Karthick Naren made a stunning debut with his first film in Dhruvangal Pathinaaru, but his next project in Naragasooran is still stuck in a financial muddle. However, the director is now ready with his actual sophomore film in Mafia, which is one of the most anticipated films of the year. Ahead of the film’s release tomorrow, we chat with the director on what made him the man he is today, and what made Mafia the film it is today.
Before we start, let’s talk about how you learnt your cinematic tricks.
I think, a good filmmaker is a good observer. You can watch a film in two ways, as an audience or with a technical mindset. In the latter, you pay more attention to the shot division, the usage of music, silence and the edit pattern. What changed my mind from the entertainment angle, is Nolan’s Prestige. It was a film that changed my perspective on cinema and pushed me to try and understand the language of cinema.
Is a conscious decision to make each film of yours look different from the other, or do you just go with the flow?
With the example of Mafia, there are lot of films already in the world, which adopt the cat-and-mouse format. Firstly, I need to be clear on what I am going to communicate. Here, I wanted to try out a mainstream film which everybody can enjoy, and still have my stamp on it. So it comes in with the film’s idea, and then I place the other things accordingly.
Lot of people are talking about how you pre-edit your films, with no deleted scenes or needless footage.
I look to lock a majority of my film within the script itself. Just like what Kamal sir said, a film is made on paper and that’s what ultimately matters. Apart from the writing, I also create storyboards and present it to the actors, so that they can just scroll through the film and see how it goes.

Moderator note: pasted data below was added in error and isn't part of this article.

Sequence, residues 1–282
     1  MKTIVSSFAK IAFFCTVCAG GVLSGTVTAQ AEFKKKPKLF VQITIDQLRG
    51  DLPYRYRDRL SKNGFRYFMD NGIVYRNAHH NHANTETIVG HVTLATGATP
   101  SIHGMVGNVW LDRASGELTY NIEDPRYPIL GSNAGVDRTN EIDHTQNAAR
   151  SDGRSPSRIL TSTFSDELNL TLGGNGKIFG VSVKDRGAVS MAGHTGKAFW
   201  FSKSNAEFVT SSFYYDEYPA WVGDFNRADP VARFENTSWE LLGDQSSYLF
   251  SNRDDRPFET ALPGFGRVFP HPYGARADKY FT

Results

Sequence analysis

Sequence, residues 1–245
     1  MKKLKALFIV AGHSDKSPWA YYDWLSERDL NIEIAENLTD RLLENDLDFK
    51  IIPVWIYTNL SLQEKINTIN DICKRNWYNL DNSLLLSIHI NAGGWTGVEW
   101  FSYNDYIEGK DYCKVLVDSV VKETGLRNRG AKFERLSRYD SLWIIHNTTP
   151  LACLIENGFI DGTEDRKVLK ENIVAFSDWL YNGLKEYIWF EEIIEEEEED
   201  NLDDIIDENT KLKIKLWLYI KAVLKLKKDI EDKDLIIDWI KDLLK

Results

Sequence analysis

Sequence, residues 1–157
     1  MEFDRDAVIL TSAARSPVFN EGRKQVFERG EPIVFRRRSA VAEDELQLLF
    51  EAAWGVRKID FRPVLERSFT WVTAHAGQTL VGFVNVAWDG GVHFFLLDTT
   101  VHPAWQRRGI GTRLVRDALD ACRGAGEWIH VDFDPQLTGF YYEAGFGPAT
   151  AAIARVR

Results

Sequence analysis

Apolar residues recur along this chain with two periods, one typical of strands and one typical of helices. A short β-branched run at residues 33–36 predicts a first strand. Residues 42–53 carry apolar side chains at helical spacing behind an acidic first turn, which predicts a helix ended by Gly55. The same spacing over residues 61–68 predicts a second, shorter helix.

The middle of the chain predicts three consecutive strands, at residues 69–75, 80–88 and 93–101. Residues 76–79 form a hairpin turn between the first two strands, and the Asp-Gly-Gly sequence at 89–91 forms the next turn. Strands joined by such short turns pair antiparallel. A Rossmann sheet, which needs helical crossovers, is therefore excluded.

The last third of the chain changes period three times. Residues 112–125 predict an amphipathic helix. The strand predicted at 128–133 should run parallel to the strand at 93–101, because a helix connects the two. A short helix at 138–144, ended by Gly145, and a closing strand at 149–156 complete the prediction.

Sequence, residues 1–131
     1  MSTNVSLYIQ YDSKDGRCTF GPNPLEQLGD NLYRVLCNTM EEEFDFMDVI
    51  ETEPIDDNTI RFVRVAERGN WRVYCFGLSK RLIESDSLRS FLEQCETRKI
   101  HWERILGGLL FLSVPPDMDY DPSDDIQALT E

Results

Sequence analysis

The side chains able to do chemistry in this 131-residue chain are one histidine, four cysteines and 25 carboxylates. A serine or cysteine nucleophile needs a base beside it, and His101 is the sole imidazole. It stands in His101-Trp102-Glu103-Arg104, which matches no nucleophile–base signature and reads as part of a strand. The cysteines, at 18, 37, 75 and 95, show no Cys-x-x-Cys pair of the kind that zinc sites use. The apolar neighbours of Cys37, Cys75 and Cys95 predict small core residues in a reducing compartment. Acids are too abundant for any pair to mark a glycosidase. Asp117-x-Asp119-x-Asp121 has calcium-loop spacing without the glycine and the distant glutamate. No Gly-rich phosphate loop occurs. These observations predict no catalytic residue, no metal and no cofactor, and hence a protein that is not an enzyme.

What is your definition of commercial cinema?
If you ask me honestly, I would call D16 a commercial film. If the audiences are able to connect with it, then it is a commercial film. However, I would like to call Mafia an audience-friendly film because they would be able to access and enjoy the film easily, as opposed to D16 which needed the 100% attention. There wouldn’t be too many complications here, since the three major actors who come in here have a following of their own, and the film needs to feed all of them as well.
Did you rewrite the script for Arun Vijay, as he is a person who carries off style easily?
Thankfully for Mafia, we decided that Arun Vijay would be the perfect fit just halfway through the scripting process. As soon as we got the structure and the body ready, we zoomed in on him and that’s what helped me. I know his plus points, so it was nice to incorporate it into the script and get things done.